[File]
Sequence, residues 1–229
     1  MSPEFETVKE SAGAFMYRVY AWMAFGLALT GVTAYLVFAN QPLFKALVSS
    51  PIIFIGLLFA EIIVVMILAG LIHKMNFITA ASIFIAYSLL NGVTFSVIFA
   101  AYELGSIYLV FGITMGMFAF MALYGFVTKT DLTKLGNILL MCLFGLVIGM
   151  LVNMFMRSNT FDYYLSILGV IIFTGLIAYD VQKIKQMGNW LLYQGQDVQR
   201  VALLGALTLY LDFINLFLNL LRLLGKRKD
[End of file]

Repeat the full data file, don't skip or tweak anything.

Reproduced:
Sequence, residues 1–229
     1  MSPEFETVKE SAGAFMYRVY AWMAFGLALT GVTAYLVFAN QPLFKALVSS
    51  PIIFIGLLFA EIIVVMILAG LIHKMNFITA ASIFIAYSLL NGVTFSVIFA
   101  AYELGSIYLV FGITMGMFAF MALYGFVTKT DLTKLGNILL MCLFGLVIGM
   151  LVNMFMRSNT FDYYLSILGV IIFTGLIAYD VQKIKQMGNW LLYQGQDVQR
   201  VALLGALTLY LDFINLFLNL LRLLGKRKD